Make us believe it again

“Peter said, silver and gold have I not, but what I do have I give to you……..”

The scarcity of some specific person, place or thing tends to create value. There are only so many Kings, so many white sandy beaches and so many Babe Ruth cards out there.  In the “Gladiator” when Lucilla spoke to the praetorian Guard these words: “Isn’t Rome worth the life of one good man; we believed it once, make us believe it again,” she was speaking of a man who’d lived and died for a noble cause.  Aristotle wrote: “man should not be brave because he is forced to be brave, but because he believes courage is a noble thing.” It’s obvious if you haven’t seen the movie “Gladiator” you might have missed something here. Go now, rent the movie, watch it; Gladiator, Braveheart and the original True Grit are prerequisites in life.

A man who desires to live like Jesus must equally desire to live less like a reflection, but the real image; it comes by no less means than threw prayer, love, and by suffering.  “I live no longer, not ‘I ‘; but I live with the life of Christ, who lives in me.” These were Paul’s words to the Galatians.  We take our place and title too seriously.  We take our limitations as men, to gravely.  Thomas A. Kempis wrote: “If we would endeavor like brave men, to stand in the battle, surely we should feel the favorable assistance from God.”  The words, “Brave men” almost need to be whispered today, unless your are on a football field or in the military.  Politically and socially it is far too dangerous to speak, much less to act, in brave fashion without some group or individual being slighted by this brash countenance.  Peter concluded his statement of being somewhere short of a monarchs dowry, saying: “In the name of Jesus Christ of Nazareth, get up and walk”.  Can you conclude that he is a mere reflection, or, a man filled with the presence of Christ, brave and resolute; certainly, he is not whispering.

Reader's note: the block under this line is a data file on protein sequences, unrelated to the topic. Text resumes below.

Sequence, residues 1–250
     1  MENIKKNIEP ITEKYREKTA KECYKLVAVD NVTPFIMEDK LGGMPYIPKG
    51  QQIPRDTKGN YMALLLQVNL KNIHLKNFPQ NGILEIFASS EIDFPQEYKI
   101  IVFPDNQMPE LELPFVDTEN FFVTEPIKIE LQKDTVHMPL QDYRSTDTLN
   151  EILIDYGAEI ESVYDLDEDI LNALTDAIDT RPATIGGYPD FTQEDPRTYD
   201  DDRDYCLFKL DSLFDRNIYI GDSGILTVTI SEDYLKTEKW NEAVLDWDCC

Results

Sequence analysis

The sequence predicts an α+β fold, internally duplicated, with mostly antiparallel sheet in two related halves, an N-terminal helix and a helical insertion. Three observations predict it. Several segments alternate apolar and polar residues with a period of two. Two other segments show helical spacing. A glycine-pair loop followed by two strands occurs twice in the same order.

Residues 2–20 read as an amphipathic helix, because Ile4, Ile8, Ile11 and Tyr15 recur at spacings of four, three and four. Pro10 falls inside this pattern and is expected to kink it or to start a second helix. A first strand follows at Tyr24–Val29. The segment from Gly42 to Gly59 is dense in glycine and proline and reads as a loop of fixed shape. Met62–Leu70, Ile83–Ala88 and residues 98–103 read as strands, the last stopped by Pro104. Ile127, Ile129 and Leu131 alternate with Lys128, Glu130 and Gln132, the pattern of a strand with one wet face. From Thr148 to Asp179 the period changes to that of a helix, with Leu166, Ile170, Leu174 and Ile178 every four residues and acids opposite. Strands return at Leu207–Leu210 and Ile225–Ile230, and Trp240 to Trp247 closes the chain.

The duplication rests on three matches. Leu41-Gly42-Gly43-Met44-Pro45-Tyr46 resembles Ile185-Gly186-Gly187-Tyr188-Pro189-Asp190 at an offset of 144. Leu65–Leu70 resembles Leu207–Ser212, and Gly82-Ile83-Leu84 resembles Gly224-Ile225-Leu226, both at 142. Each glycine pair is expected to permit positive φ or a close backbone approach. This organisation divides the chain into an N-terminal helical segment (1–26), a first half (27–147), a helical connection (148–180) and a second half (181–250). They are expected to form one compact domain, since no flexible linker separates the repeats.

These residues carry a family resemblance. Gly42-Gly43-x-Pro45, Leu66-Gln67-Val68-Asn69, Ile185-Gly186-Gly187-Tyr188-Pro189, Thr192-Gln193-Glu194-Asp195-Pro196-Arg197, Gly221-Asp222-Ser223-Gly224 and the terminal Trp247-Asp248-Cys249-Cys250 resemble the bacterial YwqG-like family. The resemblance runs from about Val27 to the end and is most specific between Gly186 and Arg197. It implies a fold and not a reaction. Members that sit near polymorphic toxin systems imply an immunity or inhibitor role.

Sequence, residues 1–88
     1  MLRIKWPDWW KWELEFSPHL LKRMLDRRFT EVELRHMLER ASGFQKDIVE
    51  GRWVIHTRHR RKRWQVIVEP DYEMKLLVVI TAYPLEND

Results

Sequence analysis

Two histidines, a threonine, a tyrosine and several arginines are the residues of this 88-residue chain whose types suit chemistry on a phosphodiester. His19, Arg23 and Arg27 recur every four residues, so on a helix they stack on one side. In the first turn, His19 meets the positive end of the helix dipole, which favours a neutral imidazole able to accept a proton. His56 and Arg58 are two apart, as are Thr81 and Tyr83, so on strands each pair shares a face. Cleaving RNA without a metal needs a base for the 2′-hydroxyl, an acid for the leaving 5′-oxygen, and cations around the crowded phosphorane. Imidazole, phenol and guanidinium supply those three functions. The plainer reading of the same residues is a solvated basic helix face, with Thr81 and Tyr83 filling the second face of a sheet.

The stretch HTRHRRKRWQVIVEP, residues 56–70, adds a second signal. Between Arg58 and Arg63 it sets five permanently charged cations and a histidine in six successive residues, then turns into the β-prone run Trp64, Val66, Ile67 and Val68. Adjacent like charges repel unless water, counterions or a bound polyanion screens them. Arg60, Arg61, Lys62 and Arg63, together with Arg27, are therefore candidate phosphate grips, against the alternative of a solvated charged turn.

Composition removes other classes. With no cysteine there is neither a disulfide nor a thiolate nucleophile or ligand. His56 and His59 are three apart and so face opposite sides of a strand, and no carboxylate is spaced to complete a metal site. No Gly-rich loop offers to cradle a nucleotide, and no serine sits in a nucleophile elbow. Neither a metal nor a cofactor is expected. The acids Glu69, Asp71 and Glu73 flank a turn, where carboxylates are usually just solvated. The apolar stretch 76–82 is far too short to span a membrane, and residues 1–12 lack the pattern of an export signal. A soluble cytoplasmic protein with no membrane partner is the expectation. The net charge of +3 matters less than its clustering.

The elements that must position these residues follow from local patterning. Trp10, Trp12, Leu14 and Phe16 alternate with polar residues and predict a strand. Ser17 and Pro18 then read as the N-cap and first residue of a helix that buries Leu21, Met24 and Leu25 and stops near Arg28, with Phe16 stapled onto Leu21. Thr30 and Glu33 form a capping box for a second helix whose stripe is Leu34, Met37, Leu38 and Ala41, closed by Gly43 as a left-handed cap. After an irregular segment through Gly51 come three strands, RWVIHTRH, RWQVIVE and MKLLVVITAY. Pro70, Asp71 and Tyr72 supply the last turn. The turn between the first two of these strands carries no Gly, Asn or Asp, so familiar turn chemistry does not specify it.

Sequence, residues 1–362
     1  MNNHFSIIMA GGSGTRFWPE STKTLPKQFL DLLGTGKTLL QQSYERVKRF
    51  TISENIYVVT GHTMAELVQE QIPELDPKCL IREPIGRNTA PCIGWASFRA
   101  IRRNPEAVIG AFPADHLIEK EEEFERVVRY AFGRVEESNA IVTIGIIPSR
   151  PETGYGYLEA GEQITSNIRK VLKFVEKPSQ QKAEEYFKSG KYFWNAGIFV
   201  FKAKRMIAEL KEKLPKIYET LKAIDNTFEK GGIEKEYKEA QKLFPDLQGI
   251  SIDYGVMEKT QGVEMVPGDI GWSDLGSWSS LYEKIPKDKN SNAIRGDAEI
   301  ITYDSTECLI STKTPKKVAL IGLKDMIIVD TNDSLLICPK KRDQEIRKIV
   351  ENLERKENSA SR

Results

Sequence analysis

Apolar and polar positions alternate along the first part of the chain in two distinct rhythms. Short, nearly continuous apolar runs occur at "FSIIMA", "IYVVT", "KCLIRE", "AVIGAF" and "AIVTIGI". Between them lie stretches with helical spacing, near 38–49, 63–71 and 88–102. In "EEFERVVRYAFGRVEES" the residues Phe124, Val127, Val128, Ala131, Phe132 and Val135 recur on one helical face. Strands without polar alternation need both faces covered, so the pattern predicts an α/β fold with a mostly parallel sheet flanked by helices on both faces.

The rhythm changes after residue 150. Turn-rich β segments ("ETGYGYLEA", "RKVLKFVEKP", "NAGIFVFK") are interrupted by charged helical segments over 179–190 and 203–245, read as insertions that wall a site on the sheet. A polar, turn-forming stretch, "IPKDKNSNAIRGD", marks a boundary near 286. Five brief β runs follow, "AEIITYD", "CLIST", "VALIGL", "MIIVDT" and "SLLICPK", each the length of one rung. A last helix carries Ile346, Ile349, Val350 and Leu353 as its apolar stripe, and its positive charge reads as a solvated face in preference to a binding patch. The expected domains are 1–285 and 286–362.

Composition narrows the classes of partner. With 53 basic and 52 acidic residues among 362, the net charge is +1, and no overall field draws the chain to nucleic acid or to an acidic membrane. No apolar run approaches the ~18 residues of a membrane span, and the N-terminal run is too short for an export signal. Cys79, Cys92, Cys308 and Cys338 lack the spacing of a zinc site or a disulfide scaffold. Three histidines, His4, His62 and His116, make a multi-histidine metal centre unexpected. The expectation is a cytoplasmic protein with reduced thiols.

For whoever wishes to save his life shall loose it; but whoever loses his life for my sake and the Gospel’s shall save it”

We have become so preoccupied with the individual self in the western culture that even these words of Mark draw us toward conclusions, that somehow this life is still something all about us, our wills, our actions.

Yet you do not know what your life will be like tomorrow. You are just a vapor that appears for a little while and then vanishes away”

If Aristotle was right, we might believe that real courage was giving ones self and ones individualism into God’s hands. And, like the Greeks, we might recognize that the greatest courage comes from those who inspire others within the ranks toward courageous endeavors.  The early Greeks rewarded acts of courage within their citizen army.  The highest of these awards were for men leading men courageously, the lowest, for rash acts of individual valor.  It would be hard to find such stewardship of ego in our present day. Rare at best, what we seek is to Be the One.  However, in the epitaphs that linger longest in our memory, there are those that tell the brief choreography of a life that painted such selfless scenes. Such men are like Kings, white sandy beaches and Babe Ruth cards. Rare.  Ain’t it so.

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